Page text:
How does our brain change during meditation?
Creating new routes in our brain, awareness changes the course of our thoughts – from chaotic to more orderly and calm. Until recently, most scientists believed that the brain with which we were born is static – that is, after a certain age, the neural connections formed in the brain are unchanged, and we are doomed to continue to live with what is.
However, already ten to fifteen years ago we began to observe the opposite – the brain is created so that it continuously changes depending on external conditions. A group of scientists led by Richie Davidson, a world-renowned physician at the Center for the Study of the Healthy Brain at the University of Wisconsin-Madison, reports the following:
- You can train your brain and change it;
- These changes are measurable;
- New ways of thinking can change the brain for the better.
- It’s hard to imagine how this is possible. The practice of awareness is not like taking pills or other means that act quickly, crossing the blood brain barrier of the brain and immediately reproducing one sensation, or reducing the intensity of the other.
However, with regular practice of awareness (about the same as when learning to play the piano) there are processes that increase the level of feeling of well-being and happiness. In an interview with Mindful, Dr. Davidson states that the brain is constantly changing throughout our lives. And he is sure that this is very good news:
We can consciously shape the direction of changes in our brain. For example, concentrating on useful thoughts and focusing our intention in this direction, we can potentially influence the plasticity of our brain and shape it in such a way that can be of use to us.
This inevitably leads us to the conclusion that qualities such as cordiality and well-being are worth considering as skills.
Davidson adds that neuroplasticity research gives neurophysiologists the basis for studying the results of meditation. Even a small practice, for example, 30 minutes of meditation per day, causes measurable changes in the brain, visible when scanning the brain.
1. Increase in gray matter (thickness of the cortex) of the brain in key areas
The anterior part of the cingulate gyrus . An increase in gray matter was noted in the anterior part of the cingulate gyrus of the cerebral cortex, which is located behind the frontal lobes of the brain. It is associated with functions such as self-regulating processes, including the ability to manage conflicts of attention, and allows for greater cognitive flexibility.
Prefrontal cortex . An increase in the density of gray matter is also found in the area of the prefrontal cortex, which, in the first place, is responsible for such functions as planning, problem solving and regulation of emotions.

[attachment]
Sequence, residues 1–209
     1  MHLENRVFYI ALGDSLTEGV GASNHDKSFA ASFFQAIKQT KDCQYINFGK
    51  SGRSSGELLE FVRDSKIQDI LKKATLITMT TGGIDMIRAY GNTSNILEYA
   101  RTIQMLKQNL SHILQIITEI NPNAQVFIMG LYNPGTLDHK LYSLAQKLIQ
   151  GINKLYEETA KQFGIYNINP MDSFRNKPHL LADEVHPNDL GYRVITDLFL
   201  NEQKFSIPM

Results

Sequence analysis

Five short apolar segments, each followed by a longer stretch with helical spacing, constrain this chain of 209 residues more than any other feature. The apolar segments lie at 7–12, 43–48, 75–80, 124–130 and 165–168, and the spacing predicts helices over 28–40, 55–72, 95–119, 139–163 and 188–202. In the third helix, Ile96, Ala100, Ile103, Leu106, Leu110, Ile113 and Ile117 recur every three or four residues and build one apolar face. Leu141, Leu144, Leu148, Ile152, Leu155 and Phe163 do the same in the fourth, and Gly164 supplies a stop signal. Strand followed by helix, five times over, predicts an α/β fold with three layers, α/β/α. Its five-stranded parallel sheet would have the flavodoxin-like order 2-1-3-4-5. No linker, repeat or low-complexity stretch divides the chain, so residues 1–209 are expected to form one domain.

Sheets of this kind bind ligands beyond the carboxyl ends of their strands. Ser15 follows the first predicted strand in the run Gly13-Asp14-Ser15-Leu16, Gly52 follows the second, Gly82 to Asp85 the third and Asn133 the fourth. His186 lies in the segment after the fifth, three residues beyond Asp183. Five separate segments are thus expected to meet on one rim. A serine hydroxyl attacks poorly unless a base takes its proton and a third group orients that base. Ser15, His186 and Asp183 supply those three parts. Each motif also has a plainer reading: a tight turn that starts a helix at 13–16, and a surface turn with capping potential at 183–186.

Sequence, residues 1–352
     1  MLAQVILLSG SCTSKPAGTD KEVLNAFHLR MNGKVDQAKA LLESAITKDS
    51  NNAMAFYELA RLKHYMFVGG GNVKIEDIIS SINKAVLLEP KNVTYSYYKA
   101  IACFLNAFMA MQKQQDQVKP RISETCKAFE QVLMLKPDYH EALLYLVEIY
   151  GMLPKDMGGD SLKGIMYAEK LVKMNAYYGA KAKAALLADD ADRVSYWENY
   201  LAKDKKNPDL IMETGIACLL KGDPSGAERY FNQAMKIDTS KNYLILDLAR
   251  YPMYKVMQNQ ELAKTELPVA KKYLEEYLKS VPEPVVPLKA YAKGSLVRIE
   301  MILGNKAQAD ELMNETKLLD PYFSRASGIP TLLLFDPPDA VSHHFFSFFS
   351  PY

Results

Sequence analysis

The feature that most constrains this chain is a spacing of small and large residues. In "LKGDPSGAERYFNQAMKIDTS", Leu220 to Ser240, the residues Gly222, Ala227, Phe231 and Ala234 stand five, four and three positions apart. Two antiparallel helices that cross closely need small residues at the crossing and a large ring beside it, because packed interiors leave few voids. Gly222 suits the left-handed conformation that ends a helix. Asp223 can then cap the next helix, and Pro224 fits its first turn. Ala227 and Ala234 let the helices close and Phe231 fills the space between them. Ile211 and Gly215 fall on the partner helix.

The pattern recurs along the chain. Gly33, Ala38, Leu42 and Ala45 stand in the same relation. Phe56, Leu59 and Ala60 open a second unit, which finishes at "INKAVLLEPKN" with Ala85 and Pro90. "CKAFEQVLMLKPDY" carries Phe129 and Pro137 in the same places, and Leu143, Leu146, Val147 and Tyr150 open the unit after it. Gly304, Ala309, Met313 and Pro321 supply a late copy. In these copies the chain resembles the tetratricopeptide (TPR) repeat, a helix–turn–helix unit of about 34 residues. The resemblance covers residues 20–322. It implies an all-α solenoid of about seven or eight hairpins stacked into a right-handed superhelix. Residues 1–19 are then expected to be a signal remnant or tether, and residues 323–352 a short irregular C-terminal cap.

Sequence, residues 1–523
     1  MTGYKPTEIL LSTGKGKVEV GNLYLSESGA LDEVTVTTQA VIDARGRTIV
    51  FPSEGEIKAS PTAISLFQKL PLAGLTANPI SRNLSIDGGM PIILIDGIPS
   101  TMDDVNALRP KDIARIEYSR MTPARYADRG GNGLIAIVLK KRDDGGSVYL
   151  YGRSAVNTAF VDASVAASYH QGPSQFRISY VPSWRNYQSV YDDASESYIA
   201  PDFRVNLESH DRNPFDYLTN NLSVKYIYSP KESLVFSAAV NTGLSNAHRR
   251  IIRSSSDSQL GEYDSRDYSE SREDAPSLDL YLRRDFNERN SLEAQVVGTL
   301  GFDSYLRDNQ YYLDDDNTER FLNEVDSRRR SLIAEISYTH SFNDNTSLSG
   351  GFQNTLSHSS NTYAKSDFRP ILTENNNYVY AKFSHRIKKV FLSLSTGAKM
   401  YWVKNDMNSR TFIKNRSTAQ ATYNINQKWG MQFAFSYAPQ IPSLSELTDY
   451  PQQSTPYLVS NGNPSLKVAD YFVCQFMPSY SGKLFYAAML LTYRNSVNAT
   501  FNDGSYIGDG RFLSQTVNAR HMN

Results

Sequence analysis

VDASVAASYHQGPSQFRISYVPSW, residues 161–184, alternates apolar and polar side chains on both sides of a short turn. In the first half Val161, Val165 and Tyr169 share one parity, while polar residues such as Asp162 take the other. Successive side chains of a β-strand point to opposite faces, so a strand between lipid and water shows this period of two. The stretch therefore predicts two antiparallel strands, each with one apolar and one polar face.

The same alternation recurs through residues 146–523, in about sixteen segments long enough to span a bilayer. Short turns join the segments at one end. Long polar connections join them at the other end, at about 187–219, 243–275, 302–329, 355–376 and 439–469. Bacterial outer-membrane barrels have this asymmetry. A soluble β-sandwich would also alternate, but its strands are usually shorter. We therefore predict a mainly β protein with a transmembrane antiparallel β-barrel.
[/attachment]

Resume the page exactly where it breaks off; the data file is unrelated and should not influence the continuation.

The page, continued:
The hippocampus . An increase in the cortical thickness of the hippocampus, which is part of the limbic system that controls learning and memory, and is extremely sensitive to stress and related disorders, such as depression and PTSD (posttraumatic stress disorder).
2. Reduction of the amygdala
Studies have shown that the amygdala, which is responsible for the “fight or run” reaction, and which is the storehouse of emotions of fear and anxiety, as a result of the practice of awareness decreases in volume.
3. Changing the functionality in certain neural networks
The results of the practice of awareness have shown that not only the size of the tonsils decrease, but also the functional connections between the amygdala and the prefrontal cortex of the frontal lobes of the brain are weakened. This leads to less reactivity, and also strengthens the connections between brain regions associated with higher functions (attention, concentration, etc.).
4. Decreased activity in the medial prefrontal cortex (center “I”)
The practice of awareness reduces activity and calms the active default part of the neural network (Default Mode Network), which is known as the “wandering mind of the monkey.” The active default neural network is activated when our mind wanders aimlessly from thought to what looks like a “mental chewing gum”. This often reduces the overall level of happiness (we call this activity a “mental concrete mixer” and most of the thoughts in it are really unproductive: these are possible, but unlikely fears, experiences, fears, etc.-note AC).
Awareness influences our brain through daily routine practice: we train slow, steady, constant evidence of our reality, the ability to stop unproductive thoughts, become more aware, more acceptive, less judgmental and less reactive.
This is exactly the same as when learning to play the piano, when again and again for a long time the work of the brain networks connected with the reproduction of music is strengthened and supported. The practice of mindfulness can change our brains, and thus help create more effective regulators when we can already not react “on the machine” as before, but pause and find our own response in the diversity of our many worlds.